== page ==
Many of us writing on the subject of retirement investment begin with phrases like, “In these uncertain times” or “challenging economic times.” But let me tell you, investing for retirement has always been uncertain and always challenging. That’s the nature of the beast!
If investing were easy, then we would all be wealthy, wouldn’t we?
Although investing is a challenging exercise, it isn’t rocket science. Anyone who has formulated a vision of the lifestyle he or she wishes to lead in their retirement years has a leg up already.
Once you have established the two main goals…
1.) When will I retire?
2.) What income do I require to live my dream?
The rest is fairly straightforward.
Realistically, most of us have limited disposable income to devote to our retirement savings, especially if we are just embarking on our career, raising a family and generally trying to make ends meet. That said, some retirement savings is far superior to no retirement savings.
Almost everyone can find some money to invest. You must begin this process early, regardless of the amount you can set aside, set aside something!
I say this for 2 reasons. First, there is a time value to money. Thanks to the power of compound interest, even small amounts grow over time. Second, by starting early you develop a lifelong habit of saving. A very good habit to have, if I say so myself.
The majority of us have but a few retirement investment options. They are:
- the 401(k) – Roth and/or Traditional
- the IRA – Traditional or Roth
Your employer may offer a pension plan in addition to a 401(k), but this is not typical today.
In addition to this, there are a multitude of other savings options, but they are not designed specifically for retirement and most have tax consequences that can be avoided by sticking to a retirement investment vehicle. You have only so many eggs! Don’t make yourself crazy looking for more baskets than you need!
The 401(k) is the first place you should invest. In the traditional 401(k), contributions are pre-tax income, and you pay no taxes until the money is withdrawn.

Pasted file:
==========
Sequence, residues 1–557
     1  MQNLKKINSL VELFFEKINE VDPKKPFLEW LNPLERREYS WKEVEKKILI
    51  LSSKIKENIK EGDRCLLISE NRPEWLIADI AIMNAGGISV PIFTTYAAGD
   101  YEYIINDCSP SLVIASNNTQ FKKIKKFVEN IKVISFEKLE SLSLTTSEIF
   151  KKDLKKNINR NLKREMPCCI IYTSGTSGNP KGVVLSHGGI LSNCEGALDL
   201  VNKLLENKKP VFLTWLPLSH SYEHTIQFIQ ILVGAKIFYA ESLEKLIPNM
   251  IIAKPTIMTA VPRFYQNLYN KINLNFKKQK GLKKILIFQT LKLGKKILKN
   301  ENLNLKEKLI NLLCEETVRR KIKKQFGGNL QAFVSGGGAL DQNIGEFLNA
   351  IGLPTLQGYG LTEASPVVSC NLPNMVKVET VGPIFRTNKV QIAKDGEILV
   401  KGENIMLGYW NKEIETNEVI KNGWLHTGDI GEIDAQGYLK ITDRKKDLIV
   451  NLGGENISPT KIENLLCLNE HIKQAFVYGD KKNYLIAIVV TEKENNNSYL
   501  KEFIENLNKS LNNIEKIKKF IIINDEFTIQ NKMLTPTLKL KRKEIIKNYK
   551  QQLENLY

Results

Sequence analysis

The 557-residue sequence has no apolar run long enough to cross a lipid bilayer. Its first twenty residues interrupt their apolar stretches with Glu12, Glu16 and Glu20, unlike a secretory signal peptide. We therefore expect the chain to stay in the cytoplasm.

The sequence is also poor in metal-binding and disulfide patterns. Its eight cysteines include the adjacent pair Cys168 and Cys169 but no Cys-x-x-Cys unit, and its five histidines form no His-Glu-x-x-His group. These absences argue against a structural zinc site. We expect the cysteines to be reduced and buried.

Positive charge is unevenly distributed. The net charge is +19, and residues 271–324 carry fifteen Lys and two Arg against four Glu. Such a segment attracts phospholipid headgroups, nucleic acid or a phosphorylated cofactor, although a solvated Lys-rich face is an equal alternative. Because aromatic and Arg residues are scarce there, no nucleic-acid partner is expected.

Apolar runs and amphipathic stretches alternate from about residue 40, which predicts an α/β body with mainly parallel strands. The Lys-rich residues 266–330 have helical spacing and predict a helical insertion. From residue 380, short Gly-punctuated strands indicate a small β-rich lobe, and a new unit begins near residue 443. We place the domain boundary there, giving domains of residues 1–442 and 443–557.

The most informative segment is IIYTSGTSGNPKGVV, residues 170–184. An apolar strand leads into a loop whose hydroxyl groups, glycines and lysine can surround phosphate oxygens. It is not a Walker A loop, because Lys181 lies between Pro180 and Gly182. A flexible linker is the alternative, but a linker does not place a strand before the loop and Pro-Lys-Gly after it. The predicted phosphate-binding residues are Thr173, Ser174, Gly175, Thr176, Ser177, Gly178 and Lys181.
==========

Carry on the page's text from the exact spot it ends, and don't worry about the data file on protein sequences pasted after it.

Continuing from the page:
Most employers offer “matching contributions” to their 401(k) plans.
It is important to note that 401(k) plans vary in their rules. It is important to thoroughly understand the rules governing your particular employer’s 401(k) so that you can maximize its benefits and avoid its pitfalls. YOU MUST DO THIS!
The first thing you need to know about your 401(k) is the percentage of your employer’s matching contribution and the dollar limit, if any. Keep in mind, irregardless of other factors, the IRS limits your contribution to an annual maximum of $17,500 if you are under 50 years of age and $23,000 if you are 50 years of age or older.
Your employer’s 401(k) plan will define the matching contribution. This is usually expressed in the following manner:
100% match up to the first 5%
Let me show you exactly how that translates. First 5% refers to your gross annual salary. So, if your gross salary is $50,000, and you contribute $3000.00 annually. Your employer will contribute $2500.00 because $2500.00 is 5% of your gross and the max that your employer will match. Thus in the first year, your principal balance will be $5500. $3000.00 is your money and $2500.00 is your employer’s money. It will remain your employer’s money until you are “vested” in the 401(k) plan.
See why you need to read the rules!
How much you decide to contribute to your 401(k) is going to be determined by your financial circumstances and your retirement goals.
Do not contribute so much to your plan that you are unable to deal with the occasional financial emergency. Why? Your 401(k) money is very difficult to access before retirement age and if you do have to withdraw any, it is taxed and you may have pay a 10% PENALTY ON THE AMOUNT WITHDRAWN!
On the flip side, if your income is such that you can tuck away more than the IRS limits allow for your 401(k), you can always put the surplus bounty into a Roth or Traditional IRA.
In the unhappy event that a 401(k) is unavailable to you, then open a Roth or Traditional IRA as your retirement investment option and make disciplined, regular contributions. When it comes to investing for retirement, there are countless approaches you can take.
What have you done to save for retirement? Share your knowledge and experiences below!
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